The most studied supplements used in familial hypercholesterolemia are phytosterol esters and stanol esters. They inhibit the intestinal absorption of cholesterol, causing a 10-15% reduction in LDL-c in children with FH. Studies on omega-3 polyunsaturated fatty acids (alpha linoleic acid, eicosapentaenoic acid and docohexaenoic acid) showed a slight increase in cholesterol levels (mainly due to HDL fraction). Supplementation with omega-3 capsules is not usually recommended in children, it can only be beneficial in certain cases(15,16).
Other supplements mentioned in literature are: soy proteins, cereals, grape seeds, tea, flax seeds, guar gum, garlic, dried fruits etc.
Drug treatment of FH
The introduction of drug therapy in patients diagnosed with familial hypercholesterolemia aims at a reduction in the incidence of coronary heart disease, myocardial infarction, the need to use revascularization procedures and death from cardiovascular cause.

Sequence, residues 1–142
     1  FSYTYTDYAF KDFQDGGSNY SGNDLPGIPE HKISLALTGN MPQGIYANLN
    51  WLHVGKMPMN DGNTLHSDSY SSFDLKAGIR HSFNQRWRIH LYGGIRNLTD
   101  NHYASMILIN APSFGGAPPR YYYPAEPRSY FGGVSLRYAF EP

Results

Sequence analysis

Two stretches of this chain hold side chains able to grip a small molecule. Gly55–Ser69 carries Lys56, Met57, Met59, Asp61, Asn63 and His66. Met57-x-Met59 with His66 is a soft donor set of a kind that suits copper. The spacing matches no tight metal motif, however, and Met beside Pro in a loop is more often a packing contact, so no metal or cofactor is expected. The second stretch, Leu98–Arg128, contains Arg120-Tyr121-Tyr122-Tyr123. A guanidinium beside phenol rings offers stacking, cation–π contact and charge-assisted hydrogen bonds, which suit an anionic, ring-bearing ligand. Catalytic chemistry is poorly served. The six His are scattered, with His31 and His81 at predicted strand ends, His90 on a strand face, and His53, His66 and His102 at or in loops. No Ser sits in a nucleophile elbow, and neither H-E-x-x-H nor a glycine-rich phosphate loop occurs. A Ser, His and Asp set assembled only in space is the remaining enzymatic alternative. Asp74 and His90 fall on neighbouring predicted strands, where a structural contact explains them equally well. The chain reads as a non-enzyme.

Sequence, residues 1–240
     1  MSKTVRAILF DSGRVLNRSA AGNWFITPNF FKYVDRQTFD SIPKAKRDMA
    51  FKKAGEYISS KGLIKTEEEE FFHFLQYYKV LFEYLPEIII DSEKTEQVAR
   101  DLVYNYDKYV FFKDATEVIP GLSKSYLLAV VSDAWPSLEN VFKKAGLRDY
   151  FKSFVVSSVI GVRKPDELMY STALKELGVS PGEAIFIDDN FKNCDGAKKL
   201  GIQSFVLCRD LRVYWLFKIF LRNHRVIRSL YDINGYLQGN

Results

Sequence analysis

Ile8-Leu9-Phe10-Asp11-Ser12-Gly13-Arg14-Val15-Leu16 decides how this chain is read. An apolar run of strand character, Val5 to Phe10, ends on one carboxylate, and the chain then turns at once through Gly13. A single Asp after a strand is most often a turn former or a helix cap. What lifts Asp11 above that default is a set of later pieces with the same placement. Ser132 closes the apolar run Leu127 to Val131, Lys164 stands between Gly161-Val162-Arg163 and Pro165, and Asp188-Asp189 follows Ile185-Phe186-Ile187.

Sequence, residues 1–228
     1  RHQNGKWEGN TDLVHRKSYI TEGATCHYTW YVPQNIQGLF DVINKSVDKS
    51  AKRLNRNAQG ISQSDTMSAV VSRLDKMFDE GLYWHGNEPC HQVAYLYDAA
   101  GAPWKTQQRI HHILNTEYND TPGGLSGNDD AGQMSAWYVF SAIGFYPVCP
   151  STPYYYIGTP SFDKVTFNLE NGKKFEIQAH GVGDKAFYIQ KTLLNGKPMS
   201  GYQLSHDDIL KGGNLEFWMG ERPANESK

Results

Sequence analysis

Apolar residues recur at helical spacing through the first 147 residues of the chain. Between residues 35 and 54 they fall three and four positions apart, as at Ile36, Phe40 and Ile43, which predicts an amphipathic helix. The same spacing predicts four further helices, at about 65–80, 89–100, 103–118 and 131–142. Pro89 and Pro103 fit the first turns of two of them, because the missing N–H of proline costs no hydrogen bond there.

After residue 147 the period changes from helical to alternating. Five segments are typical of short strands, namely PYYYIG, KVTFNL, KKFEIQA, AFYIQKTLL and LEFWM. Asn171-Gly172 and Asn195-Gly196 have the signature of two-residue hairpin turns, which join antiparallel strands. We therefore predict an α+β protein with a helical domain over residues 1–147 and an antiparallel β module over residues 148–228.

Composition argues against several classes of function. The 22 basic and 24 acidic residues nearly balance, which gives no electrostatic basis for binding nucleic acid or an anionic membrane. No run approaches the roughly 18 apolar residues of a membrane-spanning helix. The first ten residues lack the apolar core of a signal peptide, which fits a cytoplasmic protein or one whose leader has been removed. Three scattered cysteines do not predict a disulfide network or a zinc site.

Statins are the first option in FH treatment. Drug treatment is recommended in children after the age of 10 years old, who previously had a specific FH diet for 6-12 months. Studies performed demonstrated that statins are safe in adolescents, without adverse effects on growth and development or on adrenal or gonadal hormones.
Drug treatment is recommended when:
LDL-c ≥130 mg/dl in children with diabetes.
LDL-c ≥160 mg/dl in children with at least two risk factors for coronary heart disease (obesity, hypertension, smokers) or with a positive family history of early coronary heart disease.
LDL-c ≥190 mg/dl in children without risk factors.
Start with low doses of statins (2.5-10 mg/day), gradually increasing the dose. Use in children atorvastatin 10-80 mg/day and rosuvastatin 10-20 mg/day.
The effect of statins on lipid metabolism is observed after 4-6 weeks. Using them as monotherapy does not always target LDL-c levels.
Among the precautions for statin treatment, there are(16,17):
1. Before initiating statin therapy, it is recommended to determine the transaminases and creatinine kinase levels.